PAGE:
PARIS — The French government has designated this week "The Week of the French Song," a celebration of the French ballad in the face of competition from American rock.
But for most French it has been a dark week of discontent. If anyone is singing, hardly anyone is listening.
The French are struggling with strikes on the railways, the Paris subway and bus lines, the national electricity company, the seaports and, to some extent, the post office. French life is full of harassment these days, some of it annoying, some of it costly, some of it dangerous.
The problems reek of politics. Premier Jacques Chirac, who has seen his popularity plummet in the past two months, is trying to reverse the trend and stand fast against what he calls the inflationary demands of the privileged workers in these government-run public services.
The Communist Party of France, almost moribund for several years, is trying to revive itself by seizing leadership of the strikes from genuinely discontented workers.
To make matters worse, lieutenants of Chirac are calling on the exasperated public to take to the streets next week and demonstrate against striking workers. Chirac said Friday that this would be unwise, but he failed to call off his lieutenants. The mood is dark and ugly.
The electricity strike has probably provoked the most fury. Industry, which has scurried around for three weeks to find a substitute for railway transportation, cannot find a substitute for electricity. The power cuts vary in duration and come intermittently, whenever engineers for the state-owned utility shut off power to an area that is trying to use more power than can be supplied at that time.
Small shopkeepers make the problem obvious. Bakers, unable to use ovens to bake bread, have taken their gooey dough to local electricity offices and stuffed it under the door or thrown it through open windows.
A neighborhood shoemaker in Paris pointed to piles of unrepaired shoes Thursday and apologized to a customer for failing to finish on time.
"I'm sorry," he said, looking harried. "I can't get anything done."
A 70-year-old woman who runs a tiny newspaper and magazine shop lined up in a crowded hardware store to buy a flashlight and batteries.
"I am tired of stumbling around in the dark," she said.
But by then the hardware store had sold all its batteries.
Employees walked out of a small movie theater near the Champs Elysees and told a passer-by looking at the posters: "Don't bother. There won't be any movies today."
At a school where children had eaten cold lunches for most of the week, the authorities sent a note to parents urging them to dress their children warmly because there was little heat. Some hospitals have also complained about power cuts.
Traffic lights suddenly stop flashing, and the result is turmoil, for the streets are unusually crowded with commuters forced by the transport strike to take to their cars.
The French have a rule, "priority to the right," and where there is no traffic light, a driver should yield to any car trying to cross from the right. But the French also have a certain disdain for rules, and many drivers refuse to yield, increasing the danger of snarls and accidents. Pedestrians now find crossing a major boulevard like the Champs Elysees even more frightening than usual.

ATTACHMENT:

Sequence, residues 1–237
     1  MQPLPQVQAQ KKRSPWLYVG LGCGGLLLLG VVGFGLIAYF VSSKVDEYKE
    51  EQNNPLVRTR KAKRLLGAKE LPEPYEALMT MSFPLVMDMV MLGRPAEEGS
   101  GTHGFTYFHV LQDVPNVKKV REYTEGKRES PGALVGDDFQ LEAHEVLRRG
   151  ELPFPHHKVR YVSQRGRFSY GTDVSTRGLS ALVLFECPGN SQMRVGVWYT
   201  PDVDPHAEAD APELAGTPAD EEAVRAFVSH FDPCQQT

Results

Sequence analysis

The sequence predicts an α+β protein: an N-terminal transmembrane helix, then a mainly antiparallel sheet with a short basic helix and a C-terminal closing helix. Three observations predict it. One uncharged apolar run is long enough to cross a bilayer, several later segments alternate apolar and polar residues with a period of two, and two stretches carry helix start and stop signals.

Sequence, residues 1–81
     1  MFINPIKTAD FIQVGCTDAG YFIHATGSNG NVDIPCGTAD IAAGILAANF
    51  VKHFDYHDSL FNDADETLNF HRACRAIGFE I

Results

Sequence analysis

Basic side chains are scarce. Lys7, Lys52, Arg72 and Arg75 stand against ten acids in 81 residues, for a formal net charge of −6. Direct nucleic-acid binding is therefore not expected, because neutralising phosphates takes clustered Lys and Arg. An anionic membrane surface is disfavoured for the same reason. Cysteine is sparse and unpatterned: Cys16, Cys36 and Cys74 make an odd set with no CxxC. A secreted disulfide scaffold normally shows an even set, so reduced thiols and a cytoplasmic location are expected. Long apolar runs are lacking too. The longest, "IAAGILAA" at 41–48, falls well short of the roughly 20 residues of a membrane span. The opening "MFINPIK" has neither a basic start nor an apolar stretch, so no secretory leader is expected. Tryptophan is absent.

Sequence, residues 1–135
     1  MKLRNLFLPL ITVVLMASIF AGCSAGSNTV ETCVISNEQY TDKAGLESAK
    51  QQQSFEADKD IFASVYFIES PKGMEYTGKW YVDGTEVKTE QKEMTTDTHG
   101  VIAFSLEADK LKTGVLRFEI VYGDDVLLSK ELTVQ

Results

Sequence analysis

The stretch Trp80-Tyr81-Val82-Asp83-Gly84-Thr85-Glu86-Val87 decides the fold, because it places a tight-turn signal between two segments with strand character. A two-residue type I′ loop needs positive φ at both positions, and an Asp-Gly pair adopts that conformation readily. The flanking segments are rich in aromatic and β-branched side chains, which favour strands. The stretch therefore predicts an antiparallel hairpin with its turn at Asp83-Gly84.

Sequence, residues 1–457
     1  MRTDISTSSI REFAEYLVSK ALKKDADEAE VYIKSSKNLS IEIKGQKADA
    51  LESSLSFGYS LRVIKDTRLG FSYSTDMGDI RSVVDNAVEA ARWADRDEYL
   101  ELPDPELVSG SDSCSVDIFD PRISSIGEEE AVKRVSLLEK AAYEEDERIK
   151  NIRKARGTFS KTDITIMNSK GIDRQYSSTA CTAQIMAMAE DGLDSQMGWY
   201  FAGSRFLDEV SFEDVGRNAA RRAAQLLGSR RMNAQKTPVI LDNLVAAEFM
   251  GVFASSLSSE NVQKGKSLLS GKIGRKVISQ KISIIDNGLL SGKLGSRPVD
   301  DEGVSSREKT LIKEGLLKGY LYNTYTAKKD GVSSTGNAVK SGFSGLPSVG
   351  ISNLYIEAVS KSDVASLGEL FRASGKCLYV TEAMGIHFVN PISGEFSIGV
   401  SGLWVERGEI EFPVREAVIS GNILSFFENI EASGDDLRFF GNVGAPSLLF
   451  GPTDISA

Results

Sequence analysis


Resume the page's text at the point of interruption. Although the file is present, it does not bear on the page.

Normally, Paris has one of the world's most efficient public transport systems, but it has been crippled by the strike. Some subway stations are still operating, but the trains come far less often than normally, and the rider has to shove rudely and roughly against a mass of bodies to make space.
Bus passengers must do the same. Strike-smart riders have learned that there is more space if they try to get on at the rear exit rather than at the front entrance, but even that is a struggle. It may be wiser to walk. The bridges across the Seine are crowded these days with pedestrians.
With both the railways and the suburban subway lines on strike, many commuters have been forced either to spend two hours getting to work in the morning or to take their cars into the city. This has turned Paris into a parking nightmare. Many drivers simply drive onto the sidewalk and park there. Chirac, who is also the mayor of Paris, has called on the police to show tolerance toward drivers.
Most people have not felt much obvious discomfort because of the port strikes, which are ending, and the post office strike, which was not supported by many postal workers. The rail strike, which has now entered its fourth week, has been with France for so long that the public, but not industry, has grudgingly adjusted to it.
Unlike Americans, the French like and use their railways. But for most French, the Christmas holidays were only dampened, not ruined, by the rail strike as tour operators scurried around to hire buses as substitute transportation. A five-to-six-hour train ride to or from the ski stations of the French Alps became a 12-to-14-hour bus ride, but at least there were a few days of skiing in between.
It is hard to judge the direction of the mood of the French. A large number seem to be more resigned and troubled than angry. And those who are angry do not always make it clear whether they are angry at the strikers, the government for failing to end the strikes, or both.
Most of the muttering at the moment seems to be aimed at the strikers. Chirac, in his political battle, is surely counting on that. But people in a dark mood, if it continues for long, might lash out at everything they see.